American Legion was the second in as many Supreme Court Establishment Clause cases involving related issues that indicated strong support for some type of traditionalist methodology. Between it and Town of Greece v. Galloway (2014), a new method may be emerging. And there is a growing constituency on the Supreme Court that sees traditionalist interpretation as authoritative in other doctrinal areas as well.
Fourth, it is a sign of originalism’s intellectual vitality that there is lively variety and debate within the family. Professor John McGinnis has described an originalist “fracture” but these developments could also reflect theoretical vibrancy and ferment, and here my views may differ from Professor Merriam’s. There are positivist originalists and natural law originalists; construction-zoners and construction-zone-deniers; stare decisis compatibilists and non-compatibilists; judicial restraintists and judicial engagers; and even heretical intentionalists who still hold out against the original meaning orthodoxy. And I’ve only scratched the surface of the intra-theoretical divisions.
Of particular relevance for traditionalism, as Professor Lawrence B. Solum has explained, is that certain varieties of originalism accept historical practice as at least some evidence of meaning where there is textual ambiguity and where the practice is proximate in time to the ratification of a particular provision. Other versions of originalism reject historical practice altogether as the irrelevant “expected application” of the ratifiers. The extraordinary variety within originalism and the emerging areas of at least partial intersection with traditionalism suggest that it might be possible to do a little fusionist business, if not with all conceivable originalist approaches, then at least with some.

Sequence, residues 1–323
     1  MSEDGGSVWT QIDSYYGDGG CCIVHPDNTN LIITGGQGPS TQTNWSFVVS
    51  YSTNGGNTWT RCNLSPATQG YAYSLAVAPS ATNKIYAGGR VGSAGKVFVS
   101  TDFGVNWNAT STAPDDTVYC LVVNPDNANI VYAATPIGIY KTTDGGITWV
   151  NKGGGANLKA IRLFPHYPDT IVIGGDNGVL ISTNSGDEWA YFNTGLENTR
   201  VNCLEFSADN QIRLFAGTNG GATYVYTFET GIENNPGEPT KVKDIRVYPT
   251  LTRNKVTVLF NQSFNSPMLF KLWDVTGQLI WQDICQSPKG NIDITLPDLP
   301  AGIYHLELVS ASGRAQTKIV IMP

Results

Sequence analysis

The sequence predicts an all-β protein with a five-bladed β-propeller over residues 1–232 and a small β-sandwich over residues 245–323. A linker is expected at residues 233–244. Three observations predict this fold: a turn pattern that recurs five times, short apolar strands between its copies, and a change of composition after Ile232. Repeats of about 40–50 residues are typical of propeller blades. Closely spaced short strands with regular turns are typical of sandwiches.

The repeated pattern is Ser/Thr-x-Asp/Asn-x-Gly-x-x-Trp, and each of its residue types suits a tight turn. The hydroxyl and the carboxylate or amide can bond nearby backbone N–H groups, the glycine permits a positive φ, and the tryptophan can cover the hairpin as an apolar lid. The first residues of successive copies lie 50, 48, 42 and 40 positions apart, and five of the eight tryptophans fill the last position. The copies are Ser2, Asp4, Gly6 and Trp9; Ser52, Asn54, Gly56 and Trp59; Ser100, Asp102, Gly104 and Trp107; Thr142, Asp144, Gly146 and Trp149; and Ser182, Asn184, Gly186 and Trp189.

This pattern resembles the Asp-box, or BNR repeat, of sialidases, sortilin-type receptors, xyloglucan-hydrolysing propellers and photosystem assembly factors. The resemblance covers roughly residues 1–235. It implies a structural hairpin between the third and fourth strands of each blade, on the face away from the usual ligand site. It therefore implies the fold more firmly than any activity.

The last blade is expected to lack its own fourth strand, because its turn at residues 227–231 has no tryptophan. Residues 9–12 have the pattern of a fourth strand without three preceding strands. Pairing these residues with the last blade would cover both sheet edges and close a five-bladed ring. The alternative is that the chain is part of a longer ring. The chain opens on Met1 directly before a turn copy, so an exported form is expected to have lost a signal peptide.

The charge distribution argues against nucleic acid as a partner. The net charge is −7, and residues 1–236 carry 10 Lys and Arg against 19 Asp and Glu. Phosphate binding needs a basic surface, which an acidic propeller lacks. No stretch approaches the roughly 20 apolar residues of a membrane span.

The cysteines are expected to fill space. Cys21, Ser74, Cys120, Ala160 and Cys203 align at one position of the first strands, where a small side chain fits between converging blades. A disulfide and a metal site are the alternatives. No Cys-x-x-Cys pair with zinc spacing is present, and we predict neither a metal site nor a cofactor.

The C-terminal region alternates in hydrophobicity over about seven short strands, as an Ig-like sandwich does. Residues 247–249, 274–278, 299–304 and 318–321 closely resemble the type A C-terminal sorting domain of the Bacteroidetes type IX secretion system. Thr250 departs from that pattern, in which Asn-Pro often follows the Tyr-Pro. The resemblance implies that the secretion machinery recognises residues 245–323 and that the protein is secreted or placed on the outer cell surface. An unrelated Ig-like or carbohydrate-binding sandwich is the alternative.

Working Itself Pure?
Doubtless, however, there would be many obstacles to any new legal fusionism along these lines. Some purist originalists might reject it out of hand for theoretical, political, or other reasons. Others may believe that far from fracturing, originalism is instead steadily pruning away outmoded varieties—working itself pure—and that to engage with traditionalism would represent a regression. And still others might say that a new fusion simply isn’t needed politically at this moment of originalism’s triumph.